School districts are only be liable for bullying that occurs on school grounds or when the victim is in the school's custody. Or when bullying occurs on the school bus and during extracurricular activities or at school-sponsored events.While most states have anti-bullying laws, these laws do not provide for private causes of action. Lawsuits must be brought under state or federal anti-discrimination laws or as common law tort claims. To do this, the victim must be a member of a protected class and the bullying must be based on the student's membership of that class. Or, for a tort claim, the victim must have suffered physical harm.
In some instances, schools may also be held liable for bullying that occurs over the Internet, or cyberbullying. For example, if the cyberbullying took place over a school computer or laptop, the school or school district may be liable. If the bully uses his or her own mobile phone or computer, if the harassments were done on school grounds.
Deliberate IndifferenceIf the student is a member of a protected class and the harassment is so severe and offensive that it prohibits the victim's access to educational opportunity. The school must know about the instances and have not done anything to ameliorate the situation.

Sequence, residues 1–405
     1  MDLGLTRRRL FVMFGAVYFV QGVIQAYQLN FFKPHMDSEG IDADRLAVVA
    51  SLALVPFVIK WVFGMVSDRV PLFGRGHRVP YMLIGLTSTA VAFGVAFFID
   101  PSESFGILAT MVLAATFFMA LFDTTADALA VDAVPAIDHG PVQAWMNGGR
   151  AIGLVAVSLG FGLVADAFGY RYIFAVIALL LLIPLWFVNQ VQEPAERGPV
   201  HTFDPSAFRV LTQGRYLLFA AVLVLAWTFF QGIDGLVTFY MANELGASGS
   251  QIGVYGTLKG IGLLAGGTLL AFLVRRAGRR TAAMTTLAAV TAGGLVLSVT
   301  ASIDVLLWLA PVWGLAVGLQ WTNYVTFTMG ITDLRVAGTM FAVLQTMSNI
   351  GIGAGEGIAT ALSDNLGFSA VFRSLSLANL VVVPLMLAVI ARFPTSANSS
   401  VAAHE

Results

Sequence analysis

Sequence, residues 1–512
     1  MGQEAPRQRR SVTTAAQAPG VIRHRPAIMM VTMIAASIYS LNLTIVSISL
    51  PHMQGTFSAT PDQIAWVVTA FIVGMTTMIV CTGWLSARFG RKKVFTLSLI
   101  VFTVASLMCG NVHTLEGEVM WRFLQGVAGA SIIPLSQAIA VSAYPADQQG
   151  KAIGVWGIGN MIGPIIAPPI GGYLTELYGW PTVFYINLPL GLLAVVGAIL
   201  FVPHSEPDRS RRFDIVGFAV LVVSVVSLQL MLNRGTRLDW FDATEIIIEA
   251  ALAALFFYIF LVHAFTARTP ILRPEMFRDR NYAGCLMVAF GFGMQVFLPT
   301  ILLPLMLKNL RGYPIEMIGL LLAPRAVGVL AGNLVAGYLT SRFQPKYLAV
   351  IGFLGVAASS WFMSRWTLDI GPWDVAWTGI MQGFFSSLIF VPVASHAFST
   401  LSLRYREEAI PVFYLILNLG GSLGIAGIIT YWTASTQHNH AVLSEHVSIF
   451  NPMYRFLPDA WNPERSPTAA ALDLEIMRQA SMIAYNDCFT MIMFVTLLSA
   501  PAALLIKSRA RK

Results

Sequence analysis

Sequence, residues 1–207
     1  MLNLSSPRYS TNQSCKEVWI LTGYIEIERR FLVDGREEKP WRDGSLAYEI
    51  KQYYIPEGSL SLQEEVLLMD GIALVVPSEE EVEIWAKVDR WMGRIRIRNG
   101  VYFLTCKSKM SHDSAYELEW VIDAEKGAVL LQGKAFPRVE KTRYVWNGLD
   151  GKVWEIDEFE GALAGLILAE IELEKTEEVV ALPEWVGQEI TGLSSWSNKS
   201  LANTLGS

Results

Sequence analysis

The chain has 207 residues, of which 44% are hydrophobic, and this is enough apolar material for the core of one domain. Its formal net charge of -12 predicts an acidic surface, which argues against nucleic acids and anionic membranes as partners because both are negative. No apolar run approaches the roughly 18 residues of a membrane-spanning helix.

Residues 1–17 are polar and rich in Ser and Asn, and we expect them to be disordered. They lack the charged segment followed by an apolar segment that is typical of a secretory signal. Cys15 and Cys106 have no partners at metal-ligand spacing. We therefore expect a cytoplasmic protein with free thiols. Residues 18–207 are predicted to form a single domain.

Knowledge Key to LiabilityEven where there is physical harm from the bullying,
Schools and school districts will only be held liable where they had actual harm with constructive knowledge. Also, in a federal lawsuit, a school district may be liable only if an official with authority to address the bullying and do something about it had actual knowledge.
School ImmunitySome states grant school districts and school boards absolute immunity for their employees' legal problems (e.g. torts). Others grant qualified immunity when employees are performing their discretionary functions as long as they did not act maliciously, in bad faith, or with wanton or reckless disregard.
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